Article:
Autumn branches ~Kintsugi~
Autumn branches ~Kintsugi~
73cm x 53cm x 5cm
silk (outside-layer) , wooden frame (under-layer), washi paper
Story behind the work
The frame for this work is made of paulownia wood taken from antique Kiritansu - chest-of-drawers for kimono.
I use antique kiritansu that can’t be used as furniture anymore to create basis and frames for my works. It adds them even more authentic atmosphere of traditional wabisabi spirit. Can you feel it?
The piece uses the concept of "kintsugi" - it "unites" the pieces of antique kimono back together with golden washi paper to give it a second wind as art work.
Period / Story
The kimono used in this piece was originally crafted during the late Showa period (1960-80ies).
Explanation of colors and patterns
This piece features a modern arrangement with gold Japanese traditional washi paper running through the shades of brown stripes depicting branches and leaves.
The shades of brown stripes, upon closer inspection, reveal intricate "fawn pattern 鹿の子模様" dyeing, adding depth and complexity to the design. The origin of the "fawn pattern" lies in a tie-dyeing technique called "fawn pattern tie-dyeing," where the cloth is folded into quarters around a circular point and repeatedly tied with thread about seven to eight times before dyeing. The areas tied with thread remain white and square-shaped, with the tips of the corners lightly dyed to appear as dots, resembling the white spotted patterns on a fawn's back, hence the name. Deer are considered messengers of the gods and symbols of good fortune, vitality, and fertility, often used to represent "prosperity in descendants."
The depicted branches and leaves are delicately outlined with gold leaf, making the pattern stand out from the background and adding subtle elegance.
During the late Edo period (19th cent.), the shogunate enacted laws prohibiting luxury, leading townspeople in Edo to incorporate delicate nuances into dark colors like brown and gray, resulting in a wide range of colors and new "color names" being coined on various occasions, creating a diverse array of colors known as "Forty-eight Teas and a Hundred Mice 四十八茶百鼠."
Characteristics of the fabric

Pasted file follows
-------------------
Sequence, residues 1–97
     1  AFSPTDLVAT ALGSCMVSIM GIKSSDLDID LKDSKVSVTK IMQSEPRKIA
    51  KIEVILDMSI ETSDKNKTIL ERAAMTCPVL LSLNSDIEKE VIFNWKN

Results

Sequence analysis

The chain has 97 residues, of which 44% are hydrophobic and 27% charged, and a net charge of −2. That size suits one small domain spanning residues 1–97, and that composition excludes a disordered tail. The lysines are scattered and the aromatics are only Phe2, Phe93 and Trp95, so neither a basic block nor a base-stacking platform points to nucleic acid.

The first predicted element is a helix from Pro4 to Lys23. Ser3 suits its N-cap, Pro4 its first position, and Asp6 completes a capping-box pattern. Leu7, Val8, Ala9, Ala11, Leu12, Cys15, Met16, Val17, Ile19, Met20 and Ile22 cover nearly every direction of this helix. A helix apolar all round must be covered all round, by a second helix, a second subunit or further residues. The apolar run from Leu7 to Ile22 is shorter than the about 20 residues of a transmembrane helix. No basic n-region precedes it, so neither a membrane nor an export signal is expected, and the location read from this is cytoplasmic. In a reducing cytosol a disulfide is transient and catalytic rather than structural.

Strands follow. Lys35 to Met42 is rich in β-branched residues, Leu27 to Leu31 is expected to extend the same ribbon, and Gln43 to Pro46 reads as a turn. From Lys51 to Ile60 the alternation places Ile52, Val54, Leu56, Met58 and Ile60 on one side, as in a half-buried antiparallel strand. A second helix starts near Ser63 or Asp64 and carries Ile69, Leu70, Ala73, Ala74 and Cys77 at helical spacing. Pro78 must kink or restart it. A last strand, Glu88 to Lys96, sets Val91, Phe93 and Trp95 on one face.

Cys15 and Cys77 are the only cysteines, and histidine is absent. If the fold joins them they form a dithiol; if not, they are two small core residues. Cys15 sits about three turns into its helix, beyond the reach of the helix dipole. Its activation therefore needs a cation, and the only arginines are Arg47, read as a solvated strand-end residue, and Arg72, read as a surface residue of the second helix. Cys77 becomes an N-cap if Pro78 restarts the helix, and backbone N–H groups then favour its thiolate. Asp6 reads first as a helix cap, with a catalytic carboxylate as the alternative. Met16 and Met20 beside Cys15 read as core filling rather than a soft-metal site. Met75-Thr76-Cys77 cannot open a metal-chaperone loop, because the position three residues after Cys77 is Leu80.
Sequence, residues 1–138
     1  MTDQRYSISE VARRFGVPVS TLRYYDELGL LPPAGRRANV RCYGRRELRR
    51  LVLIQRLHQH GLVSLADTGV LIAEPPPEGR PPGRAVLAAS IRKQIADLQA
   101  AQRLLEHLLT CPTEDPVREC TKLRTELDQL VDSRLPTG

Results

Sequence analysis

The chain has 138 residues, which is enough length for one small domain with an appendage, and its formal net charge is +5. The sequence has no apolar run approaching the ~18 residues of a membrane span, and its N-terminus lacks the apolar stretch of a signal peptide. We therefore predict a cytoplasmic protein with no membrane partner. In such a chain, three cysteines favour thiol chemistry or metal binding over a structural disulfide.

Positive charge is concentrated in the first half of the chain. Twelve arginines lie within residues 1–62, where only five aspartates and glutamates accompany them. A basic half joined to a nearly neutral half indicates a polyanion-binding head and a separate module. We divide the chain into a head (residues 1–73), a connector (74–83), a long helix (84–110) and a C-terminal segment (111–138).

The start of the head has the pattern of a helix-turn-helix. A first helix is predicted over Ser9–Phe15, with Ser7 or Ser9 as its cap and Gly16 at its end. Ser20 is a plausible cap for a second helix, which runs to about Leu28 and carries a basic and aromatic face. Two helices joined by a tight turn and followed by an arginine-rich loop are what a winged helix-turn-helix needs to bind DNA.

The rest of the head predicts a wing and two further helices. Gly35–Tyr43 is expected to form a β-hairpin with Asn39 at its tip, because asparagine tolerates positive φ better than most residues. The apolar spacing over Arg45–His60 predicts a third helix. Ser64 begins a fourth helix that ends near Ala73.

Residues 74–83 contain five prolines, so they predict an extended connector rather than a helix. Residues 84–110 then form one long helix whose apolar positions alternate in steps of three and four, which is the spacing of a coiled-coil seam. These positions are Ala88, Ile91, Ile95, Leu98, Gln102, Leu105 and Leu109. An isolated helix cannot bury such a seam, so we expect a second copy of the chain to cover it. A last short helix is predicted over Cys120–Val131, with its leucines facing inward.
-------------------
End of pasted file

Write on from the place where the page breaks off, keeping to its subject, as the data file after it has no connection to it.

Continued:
"Kimpaku" (金箔) -technique of gold dyeing on leaves, refers to the application of gold leaf onto various surfaces. In the context of kimono, kimpaku is used as a decorative technique to add luxuriousness, elegance, and a sense of opulence to the textile. Kimpaku is used to create intricate patterns, motifs, or designs, adding shimmering accents and highlights.
Kimpaku is used here to embellish traditional motif of leavevs, enhancing the overall aesthetic appeal of the fabric.
The process of applying kimpaku requires skill and precision. Ultra-thin sheets of gold leaf are carefully adhered to the fabric using an adhesive. Artisans use specialized techniques such as hand-painting or stenciling to create the desired design before applying the gold leaf. After the gold leaf is applied, it is delicately burnished to ensure a smooth and even finish.
Kimpaku has been used in Japanese textiles for centuries, particularly in garments worn by the nobility and aristocracy. Today, it continues to be employed in the creation of high-end kimono for special occasions such as weddings, ceremonies, or formal events, like this piece.
The use of kimpaku in kimono represents a fusion of artistic expression, craftsmanship, and cultural tradition. It serves as a symbol of wealth, prosperity, and refinement, adding a touch of extravagance to the fabric and elevating its status as a work of art.
About the frame
This artwork frame is crafted from paulownia wood, a uniquely Japanese material closely tied to the world of kimonos, and it serves to convey the refined beauty of Japanese nature.
Paulownia wood is known as the lightest wood in Japan, prased for its natural luster, resistance to moisture, and resilience against cracking. Since ancient times, it has been used in crafting furniture, chests, and musical instruments.
Paulownia wood is closely linked to kimono culture. During the Edo period, it became customary to store cherished kimonos in paulownia chests, which offered fire resistance and protection from moisture and insects.
Traditionally, when a daughter was born, a paulownia tree would be planted. Upon her marriage, the tree would be cut down, and the wood would be used to craft a chest for her as a wedding gift.
Following the Ansei Earthquake during the late Edo period in 1855, paulownia chests gained popularity due to their ability to withstand fires and even float in water, thereby safeguarding their contents during floods.
Canvas can be displayed on a table, wall, etc. Hanging on a wall requires hooks, tacks or nails. It can also be displayed propped up on an easel. Ideal for a room makeover, housewarming gift, present, or souvenir for a loved one.
All the works are made from real kimonos, antiques and vintages. For this reason, the fabric may have traces of long-term use and minor fabric damages. In case there are any scratches or stains, we always add a photo of the area on the item page, so please check before purchasing. Regarding precaution, cancellation and refund policy, please refer to the refund policy in the footer section of the site for information.